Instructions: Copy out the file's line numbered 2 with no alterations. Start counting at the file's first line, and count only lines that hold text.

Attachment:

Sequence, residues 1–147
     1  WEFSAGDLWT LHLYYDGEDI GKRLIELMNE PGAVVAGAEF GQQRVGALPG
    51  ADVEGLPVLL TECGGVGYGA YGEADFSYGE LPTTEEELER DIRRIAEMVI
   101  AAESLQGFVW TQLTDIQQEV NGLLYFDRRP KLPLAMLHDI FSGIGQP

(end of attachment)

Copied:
     1  WEFSAGDLWT LHLYYDGEDI GKRLIELMNE PGAVVAGAEF GQQRVGALPG